ANDREW ADONIS talks Tory party loyalty, and Tom Tugendhat
Here are some wise and moving words: ‘I cannot, in all conscience, follow my heart and not my head when to do so would, I believe, diminish our security. No matter how emotionally appealing it would be to leave, I have a duty to think hard what would be best for Britain and best for our community.’
Wow, how Churchillian. Even I hesitate to put Brexit in the realm of ‘conscience’ because of concern that the language of extreme right and wrong so easily slides into the language of treason and violence. We have had too much of that lately.
However, I agree with Tom Tugendhat, the Tory MP who chairs the Foreign Affairs Committee of the House of Commons – a big and influential beast. And no-one has greater moral authority to say it, than a distinguished ex-army officer who spent more than a decade in combat zones and regularly put his life in harm’s way.
A few months ago, a question among mainstream commentators was: ‘Why is Tugendhat not foreign secretary rather than the appalling Boris Johnson?’
So imagine my surprise when, parliamentary vote after vote over the summer, including on membership of the customs union, Tugendhat trooped through the government lobby behind Rees-Mogg, Johnson and Gove.
I thought this might be a mistake, so I sent a copy of my book Saving Britain to Tugendhat, with a note pointing up chapter seven on the Putin/Trump/Xi menace to our security, where I had quoted no less an authority than Tugendhat himself on the importance of staying in the EU. No reply.
So I took to Twitter, and got a ferocious reaction. Leaving aside the personal abuse – ‘ermine-clad troll’ is now on my Twitter handle along with Rees-Mogg’s ‘cave man’ and Farage’s ‘twisted weasel’ – his response was this: ‘There is no going backwards. We have to leave. The people have spoken.’
Ahem, what has happened to ‘all conscience’? Has that been superseded by a narrow referendum result? I thought the point about conscience is that it isn’t determined by what some other people thought on June 23, 2016?
But anyway, as we all know, the people did not speak for a hard Brexit, which is what Tugendhat has been voting through. It transpires, from recent detective work, that even Rees-Mogg told parliament a month before the referendum that the vote wasn’t for a particular ‘leave’ option and that the Swiss and Norweigan models, and indeed ‘completely free trade,’ would all be on the table.
Except that they were taken off immediately after the vote by Theresa May. And Tugendhat and the new ‘Tory wets’ have kow-towed.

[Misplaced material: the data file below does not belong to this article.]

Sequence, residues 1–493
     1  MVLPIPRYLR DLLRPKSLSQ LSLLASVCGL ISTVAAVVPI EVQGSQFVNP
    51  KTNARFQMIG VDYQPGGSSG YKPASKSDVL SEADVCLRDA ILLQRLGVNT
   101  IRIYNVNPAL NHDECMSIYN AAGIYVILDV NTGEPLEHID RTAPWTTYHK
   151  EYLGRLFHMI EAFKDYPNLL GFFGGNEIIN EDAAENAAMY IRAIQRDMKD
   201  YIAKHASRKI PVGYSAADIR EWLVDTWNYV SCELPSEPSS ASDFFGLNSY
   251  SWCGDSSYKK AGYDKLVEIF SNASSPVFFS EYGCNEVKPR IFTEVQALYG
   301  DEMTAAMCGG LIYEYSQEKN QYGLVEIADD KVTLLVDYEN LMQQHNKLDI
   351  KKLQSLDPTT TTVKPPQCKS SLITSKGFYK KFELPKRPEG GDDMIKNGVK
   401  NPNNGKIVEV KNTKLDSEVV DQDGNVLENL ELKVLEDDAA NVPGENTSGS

Why? Not because they have changed their mind. Nor because they think May is conducting a brilliant negotiation, replacing the customs union and single market with something better to maintain Britain’s trade and security.
No, the kow-tow is to the virulently hard Brexit Tory grass roots. And to a party loyalty which is largely self-serving, since the only purpose of supporting a bad policy over a good one – on a matter of ‘conscience’ and ‘duty’, in Tugendhat’s words – is political self-preservation and self-advancement, not the best interests of the Conservative party let alone the country.
Also, social advancement. Never forget with these Tories, politics is about social position as well as political career. Nothing works more powerfully in Tory England, including the dinner party circuit in London and Tugendhat’s constituency of Tonbridge, than the threat of social ostracism. Particularly for an ex-army officer whose whole life and family are Tory.
For Tugendhat, read another hundred Tory MPs who were strongly Remain in 2016 – and strongly wet now.
We have been here twice before – with the appeasers in the 1930s, who went along with Chamberlain and Halifax, and with the ‘wets’ in the 1980s, who failed to stand up to Thatcher as she decimated British industry and created Disraeli’s ‘two nations’.
The quintessential wet was Sir Iain Gilmour. Very liberal, strongly opposed to monetarism and the hard-right economic and social policies of Thatcher. But did he launch a leadership challenge – or organise a serious Tory rebellion – or join the SDP with Roy Jenkins, with who he had far more in common than with Thatcher? No. Lady Gilmour had been a bridesmaid of the Queen, my dear chap. And Sir Ian was a baronet.
Instead Gilmour wrote a memoir after the event which was strongly critical of Thatcher. It even had a daring title Dancing with Dogma.
But the picture on the front cover gave the game away. It was of Sir Ian dancing with Thatcher at a Tory party ball.
The pity is that until he became a wet, I thought Tugendhat might be a good foreign secretary. But one Lord Halifax is enough.